Holding a funeral or memorial service for your loved one is a positive first step in the grieving process. Family members and friends get a chance to say their goodbyes, and at the same time, they get to share strong feelings with one another.
In the days, weeks and months following the service, people continue to need others to lean on for understanding, encouragement and guidance. For that reason, many local and national support groups have formed. These groups provide a common place and a comforting environment for expressing emotions through each phase of the grieving process. To learn more, click on the links below, or discuss grief counseling and support options with your funeral director.
AARP Grief & Loss - a collection of resources and an on-line support community.
National Funeral Directors Association - Frequently Asked Questions about grief.
American Cancer Society - Support to cancer patients, family and friends.
Coping With Grief - Series of articles written to help those dealing with grief.
Growth House - Discusses hospice care, dying with dignity, terminal illness, grief and bereavement.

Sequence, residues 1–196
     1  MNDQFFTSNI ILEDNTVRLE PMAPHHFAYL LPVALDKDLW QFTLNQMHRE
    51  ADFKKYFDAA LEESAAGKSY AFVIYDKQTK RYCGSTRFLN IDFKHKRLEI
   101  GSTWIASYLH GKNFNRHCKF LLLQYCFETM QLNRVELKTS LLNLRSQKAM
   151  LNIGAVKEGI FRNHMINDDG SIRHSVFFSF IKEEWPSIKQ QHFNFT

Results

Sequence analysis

GROWW.org - message boards, resource listings and secure chat rooms for the grieving.
Practical Suggestions - discusses practical suggestions, how to cope, and how to help others cope.
WidowNet - an information and support resource for, and by, widows and widowers.
Bereaved Parents USA - a nationwide organization designed to aid and support bereaved parents and their families.
The Compassionate Friends - supports families who have experienced the death of a child.
SHARE Pregnancy & and Infant Loss Support - provides support to those whose lives are touched by the tragic death of a baby through early pregnancy loss, stillbirth or newborn death.
The Dougy Center - the first center in the United States to provide peer support groups for grieving children. They provide support and training locally, nationally and internationally to individuals and organizations seeking to assist children in grief.